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Low Pay Commission

Four facts about apprentice pay from the latest data

Posted by: , Posted on: - Categories: National Living Wage, Research, Young workers

Ever since the National Minimum Wage was introduced in 1999, apprentices have been treated differently. At first, many apprentices were exempt from the minimum wage. In 2010, a separate ‘Apprentice Rate’ was brought in, set lower than other rates (initially at just £2.50 per hour). The Apprentice Rate is the minimum hourly rate an employer can pay their apprentice if they are aged 16-18 or in the first year of their apprenticeship if older[1].

In recent years, Low Pay Commissioners have recommended sharp increases in the Apprentice Rate, bringing it into line with the 16-17 Year Old Rate. In April 2024, the Apprentice Rate increased to £6.40. In our recent advice to the Government on the future of the minimum wage, we looked in depth at the case for going further than this, and ending the different treatment of apprentices altogether.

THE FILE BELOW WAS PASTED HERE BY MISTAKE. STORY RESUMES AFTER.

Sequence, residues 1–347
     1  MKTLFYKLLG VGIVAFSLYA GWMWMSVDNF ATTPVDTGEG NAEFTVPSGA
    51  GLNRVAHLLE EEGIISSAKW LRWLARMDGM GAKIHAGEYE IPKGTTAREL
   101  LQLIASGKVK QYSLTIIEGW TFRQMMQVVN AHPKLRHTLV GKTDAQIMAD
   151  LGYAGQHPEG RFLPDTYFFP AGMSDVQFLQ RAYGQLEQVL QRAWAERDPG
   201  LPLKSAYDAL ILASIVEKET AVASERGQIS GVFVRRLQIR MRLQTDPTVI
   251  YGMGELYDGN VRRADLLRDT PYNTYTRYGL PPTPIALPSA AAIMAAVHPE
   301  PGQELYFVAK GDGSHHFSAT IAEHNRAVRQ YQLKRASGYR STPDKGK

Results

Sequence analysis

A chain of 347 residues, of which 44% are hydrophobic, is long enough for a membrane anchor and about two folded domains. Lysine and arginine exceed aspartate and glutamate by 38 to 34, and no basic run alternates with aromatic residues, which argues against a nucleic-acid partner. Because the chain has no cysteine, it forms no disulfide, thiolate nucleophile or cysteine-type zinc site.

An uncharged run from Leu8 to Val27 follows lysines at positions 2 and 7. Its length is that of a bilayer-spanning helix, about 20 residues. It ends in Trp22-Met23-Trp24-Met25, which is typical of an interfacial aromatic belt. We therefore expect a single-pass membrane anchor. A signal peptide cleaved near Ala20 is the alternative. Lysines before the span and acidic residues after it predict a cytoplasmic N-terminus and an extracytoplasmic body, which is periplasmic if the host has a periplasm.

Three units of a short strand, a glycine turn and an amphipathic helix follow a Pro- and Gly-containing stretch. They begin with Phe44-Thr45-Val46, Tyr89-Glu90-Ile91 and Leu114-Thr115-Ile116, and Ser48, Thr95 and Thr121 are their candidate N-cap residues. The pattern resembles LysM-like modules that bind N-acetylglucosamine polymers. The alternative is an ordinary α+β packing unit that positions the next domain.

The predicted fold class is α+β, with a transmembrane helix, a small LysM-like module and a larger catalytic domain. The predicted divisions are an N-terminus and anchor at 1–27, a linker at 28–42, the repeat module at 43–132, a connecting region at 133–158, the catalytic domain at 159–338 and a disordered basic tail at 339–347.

To assess this case, we looked at the latest evidence on apprentices’ pay. For much of our work on the NMW, we use pay data from a survey of employers, the Annual Survey of Hours and Earnings ( ASHE). We think this is less reliable for apprentices than for other workers – and prefer to use it alongside specific surveys of apprentices. The latest of these is the Apprenticeship Evaluation Survey (AEvS), carried out by the Department for Education (DfE) in 2023.